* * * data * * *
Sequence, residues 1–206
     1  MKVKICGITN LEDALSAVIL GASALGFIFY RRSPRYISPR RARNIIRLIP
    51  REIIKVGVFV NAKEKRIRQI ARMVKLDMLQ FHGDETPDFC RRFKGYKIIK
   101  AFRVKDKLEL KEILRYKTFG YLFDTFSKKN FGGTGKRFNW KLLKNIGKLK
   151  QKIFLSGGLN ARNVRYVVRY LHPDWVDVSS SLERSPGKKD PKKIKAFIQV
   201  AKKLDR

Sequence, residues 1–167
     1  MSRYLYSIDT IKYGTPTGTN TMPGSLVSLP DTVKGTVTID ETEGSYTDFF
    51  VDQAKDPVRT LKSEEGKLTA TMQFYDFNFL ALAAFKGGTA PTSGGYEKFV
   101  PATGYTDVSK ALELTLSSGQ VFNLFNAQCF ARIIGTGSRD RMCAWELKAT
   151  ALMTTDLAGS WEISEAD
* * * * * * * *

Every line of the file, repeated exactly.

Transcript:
Sequence, residues 1–206
     1  MKVKICGITN LEDALSAVIL GASALGFIFY RRSPRYISPR RARNIIRLIP
    51  REIIKVGVFV NAKEKRIRQI ARMVKLDMLQ FHGDETPDFC RRFKGYKIIK
   101  AFRVKDKLEL KEILRYKTFG YLFDTFSKKN FGGTGKRFNW KLLKNIGKLK
   151  QKIFLSGGLN ARNVRYVVRY LHPDWVDVSS SLERSPGKKD PKKIKAFIQV
   201  AKKLDR

Sequence, residues 1–167
     1  MSRYLYSIDT IKYGTPTGTN TMPGSLVSLP DTVKGTVTID ETEGSYTDFF
    51  VDQAKDPVRT LKSEEGKLTA TMQFYDFNFL ALAAFKGGTA PTSGGYEKFV
   101  PATGYTDVSK ALELTLSSGQ VFNLFNAQCF ARIIGTGSRD RMCAWELKAT
   151  ALMTTDLAGS WEISEAD